Rules of the Game is at once a comedy, a farce, and a tragedy. The people of the country manor—the bourgeois as well as the servants—have their rules and abide by them. Everyone is involved in various adulteries and flirtations, but they are done with style and within the rules as these people understand them. But two of the principles do not play by the rules of these people: The famous aviator André Jurieux (played by Roland Toutain) who has just flown the Atlantic and who had the bad form to announce over the radio at the airfield after landing his airplane that he was disappointed because the woman he loved and for whom he had flown—Christine de la Cheynaye, wife of the marquis—had not come to the airport to greet him; and the gamekeeper Schumacher (played by Gaston Modot), who thinks that adulterers should not be tolerated and who thus has no qualms about shooting someone who he thinks is pursuing his wife.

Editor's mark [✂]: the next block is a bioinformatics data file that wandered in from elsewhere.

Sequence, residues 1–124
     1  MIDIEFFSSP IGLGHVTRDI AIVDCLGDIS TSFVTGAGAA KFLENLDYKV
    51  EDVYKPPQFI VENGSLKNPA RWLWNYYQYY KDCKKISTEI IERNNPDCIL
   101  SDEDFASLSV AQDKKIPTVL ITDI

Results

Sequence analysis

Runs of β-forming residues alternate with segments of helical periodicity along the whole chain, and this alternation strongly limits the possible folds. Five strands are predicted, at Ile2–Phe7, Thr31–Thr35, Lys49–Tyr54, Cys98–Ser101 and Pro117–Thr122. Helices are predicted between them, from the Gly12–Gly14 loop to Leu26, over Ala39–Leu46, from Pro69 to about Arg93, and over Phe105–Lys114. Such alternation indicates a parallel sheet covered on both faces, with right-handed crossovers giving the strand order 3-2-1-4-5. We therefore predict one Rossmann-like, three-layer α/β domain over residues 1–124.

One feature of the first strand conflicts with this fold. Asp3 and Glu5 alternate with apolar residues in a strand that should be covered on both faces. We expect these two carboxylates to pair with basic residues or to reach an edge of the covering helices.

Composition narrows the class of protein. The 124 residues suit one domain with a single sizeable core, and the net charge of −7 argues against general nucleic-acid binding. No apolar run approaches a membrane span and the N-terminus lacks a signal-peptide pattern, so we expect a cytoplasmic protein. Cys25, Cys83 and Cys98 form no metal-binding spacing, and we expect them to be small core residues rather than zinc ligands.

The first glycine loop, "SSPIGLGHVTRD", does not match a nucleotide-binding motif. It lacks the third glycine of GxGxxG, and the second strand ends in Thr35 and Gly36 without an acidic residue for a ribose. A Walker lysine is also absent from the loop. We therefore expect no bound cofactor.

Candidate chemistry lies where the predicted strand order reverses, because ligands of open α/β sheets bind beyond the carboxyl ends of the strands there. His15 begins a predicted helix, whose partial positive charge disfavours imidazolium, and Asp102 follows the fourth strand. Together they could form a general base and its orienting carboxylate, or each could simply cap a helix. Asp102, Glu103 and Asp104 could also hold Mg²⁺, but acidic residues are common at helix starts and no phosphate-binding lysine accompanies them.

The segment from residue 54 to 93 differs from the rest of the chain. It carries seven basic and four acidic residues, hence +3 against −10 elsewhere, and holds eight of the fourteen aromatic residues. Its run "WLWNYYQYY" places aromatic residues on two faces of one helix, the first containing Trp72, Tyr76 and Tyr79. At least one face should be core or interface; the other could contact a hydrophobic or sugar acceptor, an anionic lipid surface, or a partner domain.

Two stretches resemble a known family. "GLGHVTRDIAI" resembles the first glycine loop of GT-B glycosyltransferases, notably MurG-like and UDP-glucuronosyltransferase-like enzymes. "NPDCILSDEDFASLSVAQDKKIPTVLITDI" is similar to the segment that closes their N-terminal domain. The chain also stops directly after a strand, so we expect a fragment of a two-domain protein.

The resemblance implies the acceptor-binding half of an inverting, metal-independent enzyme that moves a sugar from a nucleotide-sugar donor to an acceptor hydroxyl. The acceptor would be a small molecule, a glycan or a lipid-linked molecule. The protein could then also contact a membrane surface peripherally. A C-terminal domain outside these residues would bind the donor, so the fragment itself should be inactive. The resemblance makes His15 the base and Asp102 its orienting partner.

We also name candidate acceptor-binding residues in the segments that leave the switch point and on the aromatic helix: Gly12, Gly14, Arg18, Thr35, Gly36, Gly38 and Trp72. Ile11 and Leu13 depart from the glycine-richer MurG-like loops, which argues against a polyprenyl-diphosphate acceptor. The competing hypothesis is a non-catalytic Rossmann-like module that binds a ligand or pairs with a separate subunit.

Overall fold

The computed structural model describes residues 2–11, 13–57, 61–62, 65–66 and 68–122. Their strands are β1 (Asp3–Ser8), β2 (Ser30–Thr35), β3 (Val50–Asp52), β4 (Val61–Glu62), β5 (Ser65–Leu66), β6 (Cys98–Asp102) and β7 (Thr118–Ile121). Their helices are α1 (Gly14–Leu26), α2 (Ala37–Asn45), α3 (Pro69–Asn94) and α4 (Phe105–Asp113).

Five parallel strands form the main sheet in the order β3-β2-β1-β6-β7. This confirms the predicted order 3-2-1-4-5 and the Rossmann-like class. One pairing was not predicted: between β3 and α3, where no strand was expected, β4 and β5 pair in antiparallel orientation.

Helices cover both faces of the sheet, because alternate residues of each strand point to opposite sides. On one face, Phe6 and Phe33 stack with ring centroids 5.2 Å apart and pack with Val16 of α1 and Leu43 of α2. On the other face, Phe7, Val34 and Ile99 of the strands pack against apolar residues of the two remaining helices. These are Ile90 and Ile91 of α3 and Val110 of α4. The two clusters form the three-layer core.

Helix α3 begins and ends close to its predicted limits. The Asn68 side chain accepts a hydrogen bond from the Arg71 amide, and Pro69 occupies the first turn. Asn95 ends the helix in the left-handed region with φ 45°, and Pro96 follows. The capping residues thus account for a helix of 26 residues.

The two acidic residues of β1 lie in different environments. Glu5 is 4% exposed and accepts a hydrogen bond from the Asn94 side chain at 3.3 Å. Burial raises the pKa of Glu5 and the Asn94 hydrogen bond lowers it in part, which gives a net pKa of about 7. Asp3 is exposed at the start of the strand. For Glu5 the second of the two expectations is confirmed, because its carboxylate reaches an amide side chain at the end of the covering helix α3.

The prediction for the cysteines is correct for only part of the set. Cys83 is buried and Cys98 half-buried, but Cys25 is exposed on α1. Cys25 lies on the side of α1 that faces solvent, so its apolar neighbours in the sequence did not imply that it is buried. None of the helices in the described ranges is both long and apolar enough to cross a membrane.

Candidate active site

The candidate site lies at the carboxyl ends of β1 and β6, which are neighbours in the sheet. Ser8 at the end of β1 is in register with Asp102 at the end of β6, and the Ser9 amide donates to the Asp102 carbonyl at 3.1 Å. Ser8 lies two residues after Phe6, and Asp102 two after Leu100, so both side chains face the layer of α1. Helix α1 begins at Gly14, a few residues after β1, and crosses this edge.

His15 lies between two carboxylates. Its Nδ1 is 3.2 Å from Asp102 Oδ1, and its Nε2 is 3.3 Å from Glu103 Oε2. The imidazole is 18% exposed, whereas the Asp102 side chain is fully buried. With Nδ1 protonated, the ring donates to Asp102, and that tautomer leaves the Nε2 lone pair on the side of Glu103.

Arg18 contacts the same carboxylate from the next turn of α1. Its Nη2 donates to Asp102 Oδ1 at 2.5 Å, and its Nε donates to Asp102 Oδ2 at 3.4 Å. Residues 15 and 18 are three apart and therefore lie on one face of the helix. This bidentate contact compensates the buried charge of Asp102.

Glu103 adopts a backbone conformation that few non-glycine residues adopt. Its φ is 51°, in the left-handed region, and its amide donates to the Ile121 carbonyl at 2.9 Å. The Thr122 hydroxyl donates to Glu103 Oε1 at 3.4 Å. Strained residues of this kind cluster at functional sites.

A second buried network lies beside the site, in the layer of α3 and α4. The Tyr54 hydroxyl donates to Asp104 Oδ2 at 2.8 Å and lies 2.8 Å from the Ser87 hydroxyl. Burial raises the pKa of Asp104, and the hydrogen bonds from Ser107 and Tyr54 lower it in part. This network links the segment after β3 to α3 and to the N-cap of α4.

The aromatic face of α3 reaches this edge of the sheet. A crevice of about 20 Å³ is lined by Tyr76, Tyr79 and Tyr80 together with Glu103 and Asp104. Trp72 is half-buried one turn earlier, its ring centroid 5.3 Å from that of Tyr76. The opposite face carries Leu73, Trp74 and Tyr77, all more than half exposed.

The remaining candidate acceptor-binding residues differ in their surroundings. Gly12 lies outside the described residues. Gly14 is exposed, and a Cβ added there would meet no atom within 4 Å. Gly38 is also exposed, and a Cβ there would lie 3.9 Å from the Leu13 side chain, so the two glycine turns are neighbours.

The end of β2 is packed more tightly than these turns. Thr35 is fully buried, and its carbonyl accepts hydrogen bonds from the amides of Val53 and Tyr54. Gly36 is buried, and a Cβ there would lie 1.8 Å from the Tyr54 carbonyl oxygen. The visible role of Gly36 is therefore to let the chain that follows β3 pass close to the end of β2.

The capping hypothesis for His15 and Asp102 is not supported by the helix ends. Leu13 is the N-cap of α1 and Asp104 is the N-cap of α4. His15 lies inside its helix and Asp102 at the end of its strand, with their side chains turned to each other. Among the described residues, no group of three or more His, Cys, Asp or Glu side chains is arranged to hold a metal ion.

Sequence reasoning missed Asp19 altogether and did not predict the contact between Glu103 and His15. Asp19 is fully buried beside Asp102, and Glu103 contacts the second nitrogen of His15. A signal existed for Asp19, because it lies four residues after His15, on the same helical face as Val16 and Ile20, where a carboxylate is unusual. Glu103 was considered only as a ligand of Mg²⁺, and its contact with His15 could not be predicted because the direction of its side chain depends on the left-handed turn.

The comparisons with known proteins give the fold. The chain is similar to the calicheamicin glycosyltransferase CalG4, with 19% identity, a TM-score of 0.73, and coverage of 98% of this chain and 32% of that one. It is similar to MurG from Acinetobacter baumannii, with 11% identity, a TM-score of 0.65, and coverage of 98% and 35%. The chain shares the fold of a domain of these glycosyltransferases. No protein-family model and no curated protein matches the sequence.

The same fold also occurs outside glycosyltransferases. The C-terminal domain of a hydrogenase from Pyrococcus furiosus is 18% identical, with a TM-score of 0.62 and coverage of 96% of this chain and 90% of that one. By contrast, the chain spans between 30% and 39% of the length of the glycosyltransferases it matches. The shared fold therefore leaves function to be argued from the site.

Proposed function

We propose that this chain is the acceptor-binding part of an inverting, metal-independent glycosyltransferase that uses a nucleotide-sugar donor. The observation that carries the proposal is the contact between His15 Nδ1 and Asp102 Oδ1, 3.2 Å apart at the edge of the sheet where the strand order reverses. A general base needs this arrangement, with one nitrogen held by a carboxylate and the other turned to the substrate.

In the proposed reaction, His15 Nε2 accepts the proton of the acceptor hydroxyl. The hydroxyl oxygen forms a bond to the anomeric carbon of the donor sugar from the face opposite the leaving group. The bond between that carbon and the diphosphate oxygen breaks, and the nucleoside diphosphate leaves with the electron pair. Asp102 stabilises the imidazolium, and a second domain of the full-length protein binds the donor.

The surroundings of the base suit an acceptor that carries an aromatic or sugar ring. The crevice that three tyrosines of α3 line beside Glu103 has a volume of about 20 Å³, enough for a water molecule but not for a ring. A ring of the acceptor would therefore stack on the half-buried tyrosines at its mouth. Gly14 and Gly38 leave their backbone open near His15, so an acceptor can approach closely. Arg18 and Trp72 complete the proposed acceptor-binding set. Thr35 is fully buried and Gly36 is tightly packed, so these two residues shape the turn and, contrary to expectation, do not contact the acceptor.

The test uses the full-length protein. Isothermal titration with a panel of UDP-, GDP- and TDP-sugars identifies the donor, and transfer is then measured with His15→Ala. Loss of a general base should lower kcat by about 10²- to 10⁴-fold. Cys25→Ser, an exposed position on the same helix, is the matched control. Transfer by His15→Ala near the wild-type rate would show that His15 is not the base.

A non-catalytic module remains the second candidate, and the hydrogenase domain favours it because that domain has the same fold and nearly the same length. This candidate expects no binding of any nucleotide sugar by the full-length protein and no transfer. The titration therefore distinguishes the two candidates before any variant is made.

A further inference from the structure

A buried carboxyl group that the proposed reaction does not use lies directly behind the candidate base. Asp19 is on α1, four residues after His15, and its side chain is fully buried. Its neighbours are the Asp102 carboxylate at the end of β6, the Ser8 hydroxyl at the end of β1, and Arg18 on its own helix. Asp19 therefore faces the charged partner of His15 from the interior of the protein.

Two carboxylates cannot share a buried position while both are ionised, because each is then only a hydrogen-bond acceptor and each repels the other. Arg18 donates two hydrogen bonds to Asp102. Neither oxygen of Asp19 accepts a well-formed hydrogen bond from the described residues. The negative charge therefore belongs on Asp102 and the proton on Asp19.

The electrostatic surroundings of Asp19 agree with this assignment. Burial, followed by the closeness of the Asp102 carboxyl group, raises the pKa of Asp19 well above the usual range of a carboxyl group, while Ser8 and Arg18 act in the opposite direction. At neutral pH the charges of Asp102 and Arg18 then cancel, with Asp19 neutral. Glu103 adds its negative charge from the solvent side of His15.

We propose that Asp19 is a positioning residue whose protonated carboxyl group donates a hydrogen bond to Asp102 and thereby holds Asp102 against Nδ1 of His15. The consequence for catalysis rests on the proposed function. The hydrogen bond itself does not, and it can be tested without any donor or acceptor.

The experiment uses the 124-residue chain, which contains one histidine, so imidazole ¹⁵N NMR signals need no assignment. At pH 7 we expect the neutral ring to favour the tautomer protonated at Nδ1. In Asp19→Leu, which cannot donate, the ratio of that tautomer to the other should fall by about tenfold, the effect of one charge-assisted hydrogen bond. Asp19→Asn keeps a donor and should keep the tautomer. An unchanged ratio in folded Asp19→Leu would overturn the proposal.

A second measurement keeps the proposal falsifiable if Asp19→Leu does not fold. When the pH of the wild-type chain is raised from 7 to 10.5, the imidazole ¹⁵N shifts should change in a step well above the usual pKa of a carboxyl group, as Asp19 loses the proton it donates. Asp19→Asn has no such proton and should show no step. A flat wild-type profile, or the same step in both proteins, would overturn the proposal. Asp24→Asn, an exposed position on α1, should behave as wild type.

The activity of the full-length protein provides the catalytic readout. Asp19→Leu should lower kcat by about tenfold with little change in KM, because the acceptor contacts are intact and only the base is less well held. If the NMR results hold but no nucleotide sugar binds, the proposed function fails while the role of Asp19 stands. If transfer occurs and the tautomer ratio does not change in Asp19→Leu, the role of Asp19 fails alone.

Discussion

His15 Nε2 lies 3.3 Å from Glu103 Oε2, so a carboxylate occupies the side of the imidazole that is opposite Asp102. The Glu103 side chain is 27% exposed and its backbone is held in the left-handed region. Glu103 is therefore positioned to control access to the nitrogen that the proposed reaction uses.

The contrast between natural impulses and societal conventions reverberates throughout Rules of the Game. Among other things, there is a clear contrast between Marceau, the “natural Man”—a game poacher who becomes a servant—and Robert de la Chesnaye, the marquis and the owner of the estate. The marquis is fascinated by and collects mechanical things—music boxes, mechanical birds,and the like—and is wrapped up in social conventions (one major point in the film is his interaction with his mistress Geneviève de Marras, played by Mila Parély, and his somewhat feeble attempt to break up with her, as well as his wife Christine's knowledge about this affair and the issue of what, if anything, she will do about it), but also wishing, at least sometimes, that he could transcend them. Adding to the film’s ambiguity, Christine, wife of the marquis, is a mystery; in the space of a quarter hour she declares her love for four different men and we are left permanently unclear about her real love or desire or intentions. It’s as though Renoir is both deploring the follies of his characters while simultaneously saying that those follies are only natural, given the perpetually confused state of humanity. Moreover there is a highly suggestive association in that Renoir himself plays Octave, the roly-poly ne'er-do-well friend of all—especially André Jurieux, the marquis, and Christine—and hanger on, who subsists mostly on the good graces of the marquis and other members of his class. (In one scene in the movie, with Christine, Octave bemoans his lack of success in life.)